What does the black belt represent?
One of the most common questions that I receive is why kids can’t get black belts in Jiu-Jitsu. In full disclosure, I was a given a black belt in Tae Kwon Do at age 11. As a life long practitioner of martial arts I am completely against the idea of giving kids and even teens black belts. I know that when reading this many will shut down due to be offended, so let me explain why.
First it is important to understand that a black belt represents a certain level of expertise in that given art. It doesn’t mean they understand the basics. It means they have a deep understanding of the art. It also means that they have shown themselves to be leaders and good citizens in most gyms. If it means understanding the basics then we should allow kids to receive a high school diploma upon completion of 8th grade. We would never allow a kid to graduate at 13 years old unless they were an absolute genius. Why? Because they are not ready for that kind of responsibility. We don’t allow kids to get jobs until they are 16 and even then we have limitations on how many hours they can work. Again they need guidance and protection.
The second thing we have to look at is the future attitude of the student. I have literally seen hundreds of cases of a kid getting a karate black belt at 9 years old, quitting at 11 and walking around high schools with arrogance. Why do they quit? Because in the mind of a child the black belt is the ultimate martial arts achievement. I hear at least five times a year someone say, “I will start Jiu-Jitsu as soon as I finish my karate black belt.” I always ask them to explain what that black belt even means. When given to a child the rank is devalued.
The third point I find tragic. The belts are being used a selling point. “If you come to my gym you can get a black belt in 18 months.” That is crazy. A four year old starts and is a black belt before they turn six. I hear about black belt academy’s and black belt clubs and can’t help but think about how that is the wrong message. Imagine taking a kids to a Jr. football team called The Guaranteed NFL team. You would call that coach crazy. I have asked Karate gym owners for years what the harm would be in putting a minimum age of 16 on black belts. It always comes down to money. Several years ago I personally witnessed one of the greatest lies in all of martial arts. A gym needed an assistant teacher so they fast tracked an adult to black belt. They literally promoted this guy to black belt in nine months of training and then put him over the kids program. It was just business.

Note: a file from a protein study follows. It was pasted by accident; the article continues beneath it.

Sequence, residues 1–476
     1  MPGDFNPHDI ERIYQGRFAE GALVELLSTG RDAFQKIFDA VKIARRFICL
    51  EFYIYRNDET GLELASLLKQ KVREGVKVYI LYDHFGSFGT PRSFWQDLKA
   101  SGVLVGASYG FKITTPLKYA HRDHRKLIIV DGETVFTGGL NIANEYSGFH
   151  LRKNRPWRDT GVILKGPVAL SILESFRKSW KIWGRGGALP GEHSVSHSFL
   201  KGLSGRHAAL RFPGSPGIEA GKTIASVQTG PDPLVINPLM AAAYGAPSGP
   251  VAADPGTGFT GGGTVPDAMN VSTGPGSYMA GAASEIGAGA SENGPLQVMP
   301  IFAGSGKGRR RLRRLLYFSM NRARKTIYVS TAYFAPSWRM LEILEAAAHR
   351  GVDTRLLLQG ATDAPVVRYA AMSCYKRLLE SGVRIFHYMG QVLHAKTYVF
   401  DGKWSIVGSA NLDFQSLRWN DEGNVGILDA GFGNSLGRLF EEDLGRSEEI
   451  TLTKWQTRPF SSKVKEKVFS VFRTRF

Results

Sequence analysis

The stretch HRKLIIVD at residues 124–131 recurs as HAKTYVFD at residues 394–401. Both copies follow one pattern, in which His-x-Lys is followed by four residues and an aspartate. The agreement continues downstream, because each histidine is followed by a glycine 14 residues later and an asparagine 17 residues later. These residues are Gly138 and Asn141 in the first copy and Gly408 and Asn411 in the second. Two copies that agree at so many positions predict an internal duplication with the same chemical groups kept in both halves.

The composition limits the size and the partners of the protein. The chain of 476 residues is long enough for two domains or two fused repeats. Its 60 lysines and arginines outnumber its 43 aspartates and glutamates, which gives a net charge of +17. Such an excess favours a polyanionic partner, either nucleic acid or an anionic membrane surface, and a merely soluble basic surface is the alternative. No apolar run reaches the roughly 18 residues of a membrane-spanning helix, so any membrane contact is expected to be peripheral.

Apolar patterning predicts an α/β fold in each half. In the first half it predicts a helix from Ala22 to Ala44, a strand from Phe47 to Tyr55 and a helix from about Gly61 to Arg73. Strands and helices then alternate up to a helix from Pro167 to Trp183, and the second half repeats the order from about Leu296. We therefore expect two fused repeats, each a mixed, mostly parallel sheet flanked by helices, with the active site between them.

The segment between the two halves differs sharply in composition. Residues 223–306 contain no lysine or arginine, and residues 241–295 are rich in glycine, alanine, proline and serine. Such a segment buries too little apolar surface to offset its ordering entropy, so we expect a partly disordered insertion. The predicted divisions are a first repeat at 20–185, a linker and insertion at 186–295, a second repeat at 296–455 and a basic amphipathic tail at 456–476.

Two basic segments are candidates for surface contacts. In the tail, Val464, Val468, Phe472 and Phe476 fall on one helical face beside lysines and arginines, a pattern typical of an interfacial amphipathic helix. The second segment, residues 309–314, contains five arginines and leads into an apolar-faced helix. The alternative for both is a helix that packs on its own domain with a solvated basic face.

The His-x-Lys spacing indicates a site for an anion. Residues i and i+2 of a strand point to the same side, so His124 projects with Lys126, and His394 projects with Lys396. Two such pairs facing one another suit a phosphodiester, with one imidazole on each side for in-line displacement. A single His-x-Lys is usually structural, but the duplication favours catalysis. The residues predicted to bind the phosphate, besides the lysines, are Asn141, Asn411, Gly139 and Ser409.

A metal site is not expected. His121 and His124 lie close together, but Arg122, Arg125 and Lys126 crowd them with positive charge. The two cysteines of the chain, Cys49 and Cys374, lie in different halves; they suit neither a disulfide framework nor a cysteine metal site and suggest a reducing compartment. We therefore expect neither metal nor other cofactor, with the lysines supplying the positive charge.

I love a lot about Jiu-Jitsu. I love that most Jiu-Jitsu gyms do not have belt test. I could not imagine promoting someone just because they pay me. I love that each student knows without a doubt that when they get a stripe or a belt that they have earned it completely. They know that nothing was given to them. I love that you have to be 16 years old to even get in the adult belt system. The youngest Jiu-Jitsu black belt I have ever met was 22. I love that Jiu-Jitsu is real and not based upon memorized routines. It truly is the most effective self-defense system on the planet.
Why is this important? People ask me all the time why I care what a karate school is doing. This is why? I worry about the kids. What are we teaching them when we give them such a prestigious rank at such a young age. I would also ask if the kids are in danger. Imagine this: A kid gets a black belt at 8 years old. They quit at 9. At age 14 they enter high school and as a freshmen, he or she thinks they are tough because they are a black belt. They get into a fight with the large senior at their school. Really, who wins that fight? An even worse case is what happens in a real life situation with a home invasion or a car jacking? Is that person really prepared? They thought they were. After all the trusted good guy karate teacher wouldn’t have given them a black belt if they were not tough. I mean they broke a half inch piece of pine would with the grain. They can hold their leg in the air, really high for a minute. When reality finally hits, it will be hard.
Years ago a female adult karate black belt came in to my gym to try a class. After class she told one of my adult men the following, “I don’t like it here. What he is teaching could really hurt someone.” My student said to her, ‘Ma’am, I’m not sure what kind of criminals you have where you live, but here they really try to hurt you.” I hope that one day teachers, students and parents will crave knowledge and the ability to apply that knowledge in a real life situation. I hope that one day the focus will not be on the belt, but on the years of work and dedication to learning, growing and improving. Or will the pursuit of money from gym owners and unearned ranks continue to be the norm? I hope not.